Some new Ruby Libraries to Boot

Hot on the heels of the recent graduation project activity I’ve released a few infrastructure libraries in Ruby that I use to manage the indie pipeline here. These are Depix, EDL and Timecode.

Timecode is a value class for SMPTE timecode information. It stores the framerate and the number of frames and supports all basic calculations (like addition, subtraction, multiplication and what have you), parsing and other manipulations that you will likely want to perform with a timecode field. It also plugs easily into ActiveRecord. Here’s how to scan a range of timecodes for example:

(Timecode.parse("10:00:00:00")..Timecode.parse("10:00:10:01")).each do | frame |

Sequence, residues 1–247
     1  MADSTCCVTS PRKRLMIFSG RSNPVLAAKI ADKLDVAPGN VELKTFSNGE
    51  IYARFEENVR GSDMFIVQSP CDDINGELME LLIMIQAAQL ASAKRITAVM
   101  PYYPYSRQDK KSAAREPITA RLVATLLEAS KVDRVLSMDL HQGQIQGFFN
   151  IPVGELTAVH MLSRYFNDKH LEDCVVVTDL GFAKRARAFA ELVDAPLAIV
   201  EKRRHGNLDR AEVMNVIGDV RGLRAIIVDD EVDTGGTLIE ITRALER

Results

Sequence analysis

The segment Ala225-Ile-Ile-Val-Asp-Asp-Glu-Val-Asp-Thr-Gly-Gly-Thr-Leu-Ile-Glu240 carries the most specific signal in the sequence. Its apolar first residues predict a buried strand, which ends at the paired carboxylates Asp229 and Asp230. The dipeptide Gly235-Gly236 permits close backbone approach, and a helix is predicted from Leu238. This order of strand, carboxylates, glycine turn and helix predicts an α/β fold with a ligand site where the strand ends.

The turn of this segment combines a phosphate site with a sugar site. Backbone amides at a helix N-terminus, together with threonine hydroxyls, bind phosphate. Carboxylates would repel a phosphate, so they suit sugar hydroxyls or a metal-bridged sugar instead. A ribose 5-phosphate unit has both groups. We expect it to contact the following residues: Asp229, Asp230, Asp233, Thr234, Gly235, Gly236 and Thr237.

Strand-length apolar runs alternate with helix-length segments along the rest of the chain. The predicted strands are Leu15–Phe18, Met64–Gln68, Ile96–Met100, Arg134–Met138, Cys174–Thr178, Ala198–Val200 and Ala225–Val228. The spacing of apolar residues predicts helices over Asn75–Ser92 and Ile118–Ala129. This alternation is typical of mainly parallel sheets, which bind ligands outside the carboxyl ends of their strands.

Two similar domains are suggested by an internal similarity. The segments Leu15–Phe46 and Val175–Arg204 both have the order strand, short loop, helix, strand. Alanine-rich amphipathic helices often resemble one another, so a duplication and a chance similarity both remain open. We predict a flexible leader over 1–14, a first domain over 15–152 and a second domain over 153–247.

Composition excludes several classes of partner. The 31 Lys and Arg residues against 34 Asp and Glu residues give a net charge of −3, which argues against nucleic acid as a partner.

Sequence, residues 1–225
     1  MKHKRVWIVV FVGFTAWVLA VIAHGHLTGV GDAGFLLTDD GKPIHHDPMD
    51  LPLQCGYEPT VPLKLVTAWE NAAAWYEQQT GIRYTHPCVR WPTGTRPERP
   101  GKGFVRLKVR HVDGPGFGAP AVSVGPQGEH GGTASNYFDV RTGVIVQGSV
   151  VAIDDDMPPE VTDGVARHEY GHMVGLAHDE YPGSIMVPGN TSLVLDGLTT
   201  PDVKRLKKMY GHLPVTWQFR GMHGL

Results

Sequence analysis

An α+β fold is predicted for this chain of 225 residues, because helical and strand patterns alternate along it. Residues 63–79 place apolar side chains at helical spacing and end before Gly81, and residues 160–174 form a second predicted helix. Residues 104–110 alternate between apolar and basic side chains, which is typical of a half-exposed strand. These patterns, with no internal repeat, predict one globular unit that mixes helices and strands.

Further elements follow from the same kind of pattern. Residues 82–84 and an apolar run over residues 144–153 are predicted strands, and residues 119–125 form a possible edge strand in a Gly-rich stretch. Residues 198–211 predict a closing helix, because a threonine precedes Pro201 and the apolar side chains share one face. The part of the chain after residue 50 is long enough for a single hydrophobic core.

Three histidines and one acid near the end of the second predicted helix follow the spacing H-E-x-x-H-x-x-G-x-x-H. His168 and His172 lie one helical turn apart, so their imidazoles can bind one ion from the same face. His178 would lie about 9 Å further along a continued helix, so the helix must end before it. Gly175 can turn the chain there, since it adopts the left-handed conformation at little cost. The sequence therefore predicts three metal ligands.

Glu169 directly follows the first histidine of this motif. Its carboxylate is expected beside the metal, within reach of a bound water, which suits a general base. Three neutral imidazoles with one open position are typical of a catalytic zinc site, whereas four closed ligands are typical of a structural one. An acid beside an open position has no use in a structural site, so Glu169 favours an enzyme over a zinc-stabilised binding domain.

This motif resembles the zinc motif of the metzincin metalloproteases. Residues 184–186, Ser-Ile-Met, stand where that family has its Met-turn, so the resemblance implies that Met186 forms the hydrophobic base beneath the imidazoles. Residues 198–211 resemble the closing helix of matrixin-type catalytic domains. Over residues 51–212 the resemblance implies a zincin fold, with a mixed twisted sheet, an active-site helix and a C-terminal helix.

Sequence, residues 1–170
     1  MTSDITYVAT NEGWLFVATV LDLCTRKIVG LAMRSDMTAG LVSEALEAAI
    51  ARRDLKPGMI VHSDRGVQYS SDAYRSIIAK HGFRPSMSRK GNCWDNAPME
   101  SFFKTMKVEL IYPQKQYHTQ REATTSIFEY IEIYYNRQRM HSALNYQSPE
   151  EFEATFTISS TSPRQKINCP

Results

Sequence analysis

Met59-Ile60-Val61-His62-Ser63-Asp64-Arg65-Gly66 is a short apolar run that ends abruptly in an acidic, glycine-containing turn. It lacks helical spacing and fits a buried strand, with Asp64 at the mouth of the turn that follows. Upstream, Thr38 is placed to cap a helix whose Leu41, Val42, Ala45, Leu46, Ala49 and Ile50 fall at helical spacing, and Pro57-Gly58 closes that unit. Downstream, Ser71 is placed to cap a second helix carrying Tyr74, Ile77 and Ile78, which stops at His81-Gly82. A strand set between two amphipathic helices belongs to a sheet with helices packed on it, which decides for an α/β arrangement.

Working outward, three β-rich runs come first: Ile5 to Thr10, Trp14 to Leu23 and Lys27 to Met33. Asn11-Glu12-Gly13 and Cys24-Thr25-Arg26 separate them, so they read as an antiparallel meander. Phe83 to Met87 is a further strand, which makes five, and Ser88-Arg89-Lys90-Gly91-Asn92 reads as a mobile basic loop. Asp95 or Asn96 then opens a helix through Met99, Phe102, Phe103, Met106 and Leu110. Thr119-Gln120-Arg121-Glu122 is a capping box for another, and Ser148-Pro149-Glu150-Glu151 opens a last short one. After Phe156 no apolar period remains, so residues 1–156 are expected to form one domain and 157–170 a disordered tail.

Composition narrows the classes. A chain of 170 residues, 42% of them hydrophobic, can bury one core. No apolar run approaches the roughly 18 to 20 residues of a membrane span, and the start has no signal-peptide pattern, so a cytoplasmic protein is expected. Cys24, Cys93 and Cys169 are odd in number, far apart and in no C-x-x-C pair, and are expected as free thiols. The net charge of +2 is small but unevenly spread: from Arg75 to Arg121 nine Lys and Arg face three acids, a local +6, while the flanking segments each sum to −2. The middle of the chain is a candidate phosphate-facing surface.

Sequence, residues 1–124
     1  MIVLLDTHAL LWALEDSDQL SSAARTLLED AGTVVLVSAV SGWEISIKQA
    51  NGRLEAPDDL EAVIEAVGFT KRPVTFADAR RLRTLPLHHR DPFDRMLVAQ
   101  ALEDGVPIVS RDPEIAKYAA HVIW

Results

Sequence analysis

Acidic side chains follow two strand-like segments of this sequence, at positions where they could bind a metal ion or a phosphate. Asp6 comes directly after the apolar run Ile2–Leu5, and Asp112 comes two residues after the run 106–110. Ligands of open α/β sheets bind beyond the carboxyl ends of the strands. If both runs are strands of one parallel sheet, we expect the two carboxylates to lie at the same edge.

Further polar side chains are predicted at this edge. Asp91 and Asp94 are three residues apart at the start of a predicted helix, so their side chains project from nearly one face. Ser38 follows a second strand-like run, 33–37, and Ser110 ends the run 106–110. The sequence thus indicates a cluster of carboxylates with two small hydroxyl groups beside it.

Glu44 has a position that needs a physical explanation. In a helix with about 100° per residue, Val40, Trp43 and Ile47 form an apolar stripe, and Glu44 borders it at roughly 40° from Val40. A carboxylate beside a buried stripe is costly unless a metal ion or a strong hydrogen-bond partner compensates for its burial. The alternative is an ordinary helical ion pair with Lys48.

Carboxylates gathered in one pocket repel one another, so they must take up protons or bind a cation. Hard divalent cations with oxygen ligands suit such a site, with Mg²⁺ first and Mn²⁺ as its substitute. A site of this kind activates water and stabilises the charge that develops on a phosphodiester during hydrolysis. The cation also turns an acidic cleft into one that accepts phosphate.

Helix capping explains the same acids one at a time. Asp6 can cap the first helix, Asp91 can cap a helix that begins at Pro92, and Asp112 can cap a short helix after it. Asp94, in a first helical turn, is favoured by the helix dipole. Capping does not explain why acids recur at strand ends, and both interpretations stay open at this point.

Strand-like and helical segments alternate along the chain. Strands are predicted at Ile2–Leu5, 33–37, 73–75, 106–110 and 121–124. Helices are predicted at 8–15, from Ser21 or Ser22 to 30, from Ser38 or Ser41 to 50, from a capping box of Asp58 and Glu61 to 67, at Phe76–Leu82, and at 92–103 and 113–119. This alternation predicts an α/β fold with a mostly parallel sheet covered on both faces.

puts frame

Depix scans DPX file headers and makes them accessible as Ruby objects. There is some functionality for writing them back after editing but I would not recommend using it just yet. Here’s how to scan a whole directory of DPX files and sort them by time code (this relies on the Timecode gem as well):

 dpx_files = Dir.glob("/RAID/NewScans/*.DPX").map do | dpx_path |
 end.sort{|dpx1, dpx2| dpx1.time_code <=> dpx2.time_code }

Depix supports the convention of reel name assigned to device.orientation field and it’s available as flame_reel on every DPX object read into memory. If you are courageous enough to write to DPX files with it you can even spare quite some bucks on tools like this one.

EDL is still in the making but can be tried out already (look at the API) - it can be used to analyze an EDL file. It even supports speed changes and SMPTE wipe inspection.

The goodies can be installed by doing

  sudo gem install depix timecode edl

and all the tracking happens through my spankin’ new GitHub page

Come to think of it, these three can be combined to do some powerful and painless data-wrangling for file-based workflows. And you can also make your own CinemaTools-like apps.